'Color of Water' author McBride presides over swinging, soulful jazz concert
Friday, March 11, 2005Special to the Gazette
A large crowd at the First Baptist Church on Thursday night came out to the one Reading Together event that was to be more like Swinging Together, a concert by James McBride and his band.
McBride, author of "The Color of Water," was a Washington Post feature writer when he was in his 20s, but quit to pursue a jazz career, only to later become a best-selling and critically acclaimed writer.
At First Baptist, McBride clearly showed that he loved both music and words.
He clearly loves the give-and-take jazz discourse of the players in his band, where everyone got a solo and a chance to state their piece.
He also is energized by the give-and-take of public discourse on subjects of the day. Before beginning the concert, McBride wanted to clarify what he had said at the Fresh Fire AME Church the day before.
After thanking the city for making him feel welcomed, McBride said, "I see my comments about the war made the paper," referring to the coverage of the talk in Thursday's Kalamazoo Gazette. The audience at First Baptist interrupted with a round of applause.
McBride had been critical of the war in Iraq and also said that "the black church's lack of respect of gay people is an utter disgrace" at Fresh Fire AME.
"This is a nation built on reason and discourse," McBride said at First Baptist.
We should respect freedom of speech and people's right to express their views, but, he pointed out, with freedom there's responsibility. "I don't want it to seem like I'm some irresponsible dude," he said. "Words are powerful things."
McBride wanted to make clear that he respects those who support the war, he respects President Bush though he doesn't agree with him and he respects the troops who are serving in Iraq and their families.
But as far as his comments on the church and gays, "I do stand by that," he said, getting more applause.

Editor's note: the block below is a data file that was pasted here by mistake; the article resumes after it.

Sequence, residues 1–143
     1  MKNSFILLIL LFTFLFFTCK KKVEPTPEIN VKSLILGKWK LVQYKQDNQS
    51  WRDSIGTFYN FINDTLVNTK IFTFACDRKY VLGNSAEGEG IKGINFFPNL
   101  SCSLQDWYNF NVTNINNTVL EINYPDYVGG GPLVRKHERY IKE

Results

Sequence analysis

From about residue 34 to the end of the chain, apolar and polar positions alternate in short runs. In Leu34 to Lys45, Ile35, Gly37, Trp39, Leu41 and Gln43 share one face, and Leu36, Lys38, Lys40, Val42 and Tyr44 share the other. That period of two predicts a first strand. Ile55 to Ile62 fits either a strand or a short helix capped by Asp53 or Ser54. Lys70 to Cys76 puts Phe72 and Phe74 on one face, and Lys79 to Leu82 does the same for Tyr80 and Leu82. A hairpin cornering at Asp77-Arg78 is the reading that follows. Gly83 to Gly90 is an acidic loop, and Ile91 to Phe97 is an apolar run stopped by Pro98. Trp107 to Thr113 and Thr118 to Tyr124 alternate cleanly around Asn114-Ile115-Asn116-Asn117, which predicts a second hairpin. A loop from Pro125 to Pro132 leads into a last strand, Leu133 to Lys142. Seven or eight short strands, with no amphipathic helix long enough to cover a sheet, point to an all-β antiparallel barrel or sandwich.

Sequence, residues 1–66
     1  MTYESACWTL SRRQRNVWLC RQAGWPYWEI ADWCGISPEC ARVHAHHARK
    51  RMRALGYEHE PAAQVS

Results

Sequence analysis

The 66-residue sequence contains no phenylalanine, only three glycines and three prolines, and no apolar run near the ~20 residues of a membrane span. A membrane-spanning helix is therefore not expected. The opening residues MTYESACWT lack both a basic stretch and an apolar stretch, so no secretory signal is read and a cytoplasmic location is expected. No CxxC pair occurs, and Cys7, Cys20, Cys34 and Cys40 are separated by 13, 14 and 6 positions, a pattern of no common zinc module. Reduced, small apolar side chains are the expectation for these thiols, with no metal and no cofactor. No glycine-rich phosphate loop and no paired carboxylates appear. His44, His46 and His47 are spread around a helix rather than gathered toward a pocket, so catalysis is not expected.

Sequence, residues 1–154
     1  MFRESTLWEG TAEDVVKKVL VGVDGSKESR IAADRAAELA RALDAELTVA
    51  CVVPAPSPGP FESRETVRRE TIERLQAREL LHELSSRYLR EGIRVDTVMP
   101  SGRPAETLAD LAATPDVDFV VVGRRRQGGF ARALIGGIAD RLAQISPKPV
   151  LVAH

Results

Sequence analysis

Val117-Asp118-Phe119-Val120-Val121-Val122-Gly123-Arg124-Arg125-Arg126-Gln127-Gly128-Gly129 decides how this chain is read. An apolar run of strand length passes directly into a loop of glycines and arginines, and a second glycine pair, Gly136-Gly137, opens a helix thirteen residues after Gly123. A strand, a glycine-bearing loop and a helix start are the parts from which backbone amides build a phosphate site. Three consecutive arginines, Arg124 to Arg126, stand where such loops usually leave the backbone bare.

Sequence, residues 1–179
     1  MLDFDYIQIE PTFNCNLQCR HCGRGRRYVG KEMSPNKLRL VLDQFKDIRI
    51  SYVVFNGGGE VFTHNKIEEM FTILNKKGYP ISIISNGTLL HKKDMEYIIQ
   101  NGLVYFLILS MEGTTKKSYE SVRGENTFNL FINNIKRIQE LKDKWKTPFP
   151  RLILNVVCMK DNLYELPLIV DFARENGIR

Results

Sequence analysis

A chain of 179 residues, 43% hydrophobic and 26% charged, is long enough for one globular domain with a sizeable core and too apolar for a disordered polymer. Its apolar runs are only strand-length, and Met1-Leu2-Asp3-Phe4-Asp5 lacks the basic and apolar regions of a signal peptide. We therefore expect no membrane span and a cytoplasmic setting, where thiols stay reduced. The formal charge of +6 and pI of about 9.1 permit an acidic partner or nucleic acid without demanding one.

"I just think it's time to grow up when it comes to our gay brothers and sisters. If they want to be married and miserable like the rest of us, then God bless 'em!'"
McBride also talked about his childhood and gospel music, "the stuff that had swing." He demonstrated at the piano how he would add more swing as he played for church services when he was a teen, jazzing up "What a Friend We Have In Jesus," until his mother would make threatening motions from the pew.
Playing at the grand piano, McBride segued into the swingin' section of the program, introducing his bassist Calvin Jones, pianist Sarah Jane Cion and drummer Charles Hopkins.
McBride took up his tenor sax and led the group into a straight-ahead set with touches of bop, Latin and funk, all infused with soul.
His subtle style came through in "Somewhere Over the Rainbow." The standard can easily slide into the realm of syrupy sweetness, but McBride played the melody with deep, yearning soul, before swinging it out into improvisations.
McBride would state his piece, then stand aside to let the others reply -- he wasn't a stage-hog.
Cion, who has a career as a solo recording artist and composer of TV music ("All My Children"), got the spotlight with her "Walking On the Moon," a piano piece of dappled sunlight, its mellowness hiding complexities.
Sonny Rollins' "St. Thomas" started as a showpiece for Hopkins, who began it with a cacophonous solo of fractured rhythms before solidifying into a samba beat. Then all got to shine. The piano and drums took the Brazilian parade feel into a hot and funky duet, then sax and bass joined forces to give the parade a New Orleans beat.
"I'd like to see next year's author top this!" McBride said near the end of the set.
He then turned to words, more about Iraq. As the soldiers come home, he said, "It's our job to let them know that we'll be there for them."
As he then gave some statements on the state of the United States in the world, Cion began to plunk out "Battle Hymn of the Republic." The rest of the band joined in, and McBride stopped talking and picked up his sax. They sounded at first like a sincere Salvation Army Band, then jazzed it up into a rousing, swinging piece.
After a standing ovation, McBride and his group gave a quick and smooth version of Miles Davis' "There is No Greater Love."